Victims stranded as ID thieves raid Aussie driver licences
States won't issue new licence numbers, leaving victims vulnerable for years
AusCERT One in five Australian identity theft victims reporting to a government-backed crime monitor ID-Care have had drivers licences stolen, according to Dr David Lacey of national ID theft support service ID Care.
ID Care was founded in 2014 with a budget of AUD$800,000 (£515,402, US$575,452) and receives cybercrime victim referrals from police and agencies including the Australian Cybercrime Online Reporting Network (ACORN). Those victims have little recourse because no state will reissue a new driver licence number, Lacey says.
"The county is broken when it comes to this," Dr Lacey says told the AusCERT conference on the Gold Coast.
"We are not in a good place in the moment."
Victims of driver-licence theft often find fraudulent inquiries made against their credit file, but they can do little to stop fraud, Dr Lacey says.
Australia's three credit bureaus can put blocks on credit files, but the stop lasts only 21 days, and takes two days to implement.
Fraud is typically conducted 72 hours after a drivers licence is stolen.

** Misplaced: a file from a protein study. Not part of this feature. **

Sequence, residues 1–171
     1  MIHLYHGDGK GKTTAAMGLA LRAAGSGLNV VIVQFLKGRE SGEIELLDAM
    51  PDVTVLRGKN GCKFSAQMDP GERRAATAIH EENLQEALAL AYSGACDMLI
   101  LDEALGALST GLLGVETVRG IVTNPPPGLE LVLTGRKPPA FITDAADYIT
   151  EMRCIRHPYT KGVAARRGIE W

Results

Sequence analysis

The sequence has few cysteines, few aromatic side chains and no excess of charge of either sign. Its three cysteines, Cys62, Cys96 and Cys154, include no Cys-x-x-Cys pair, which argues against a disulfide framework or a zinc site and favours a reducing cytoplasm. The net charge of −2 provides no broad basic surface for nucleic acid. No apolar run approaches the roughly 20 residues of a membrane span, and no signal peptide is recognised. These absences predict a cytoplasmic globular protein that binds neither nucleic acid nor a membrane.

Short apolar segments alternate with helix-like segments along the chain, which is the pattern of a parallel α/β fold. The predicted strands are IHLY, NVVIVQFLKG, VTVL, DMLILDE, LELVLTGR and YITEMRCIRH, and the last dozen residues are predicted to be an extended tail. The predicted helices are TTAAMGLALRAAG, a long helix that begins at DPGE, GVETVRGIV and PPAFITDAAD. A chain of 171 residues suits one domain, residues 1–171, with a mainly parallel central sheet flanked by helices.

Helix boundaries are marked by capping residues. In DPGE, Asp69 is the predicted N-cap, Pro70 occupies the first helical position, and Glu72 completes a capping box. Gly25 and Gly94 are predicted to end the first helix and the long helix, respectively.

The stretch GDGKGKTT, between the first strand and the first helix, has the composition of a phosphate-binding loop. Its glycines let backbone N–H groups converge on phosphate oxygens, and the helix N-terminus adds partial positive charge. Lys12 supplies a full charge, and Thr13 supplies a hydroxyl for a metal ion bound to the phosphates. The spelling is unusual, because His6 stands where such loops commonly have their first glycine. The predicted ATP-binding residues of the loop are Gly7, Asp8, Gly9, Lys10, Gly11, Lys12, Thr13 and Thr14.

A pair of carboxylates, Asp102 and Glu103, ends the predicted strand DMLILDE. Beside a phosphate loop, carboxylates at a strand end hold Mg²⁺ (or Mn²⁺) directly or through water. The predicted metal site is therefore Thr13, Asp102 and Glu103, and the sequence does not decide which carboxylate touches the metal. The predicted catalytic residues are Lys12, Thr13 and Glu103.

No state will reissue a new driver licence number meaning that once the document is stolen, victims could be considered permanently compromised.
IDcare managing director Dr David Lacey. Image: Darren Pauli, The Register.
Dr Lacey has pushed for the ability for victims to be able to receive new driver's licence numbers but has met resistance from Australia's State governments and their licencing authorities.
Across all industries Dr Lacey says the Australian tech sector has one of the worst performance ratings for handling cybercrime victims.
About eight percent of victims are sufficiently distressed that they require face-to-face counselling, he says. ®
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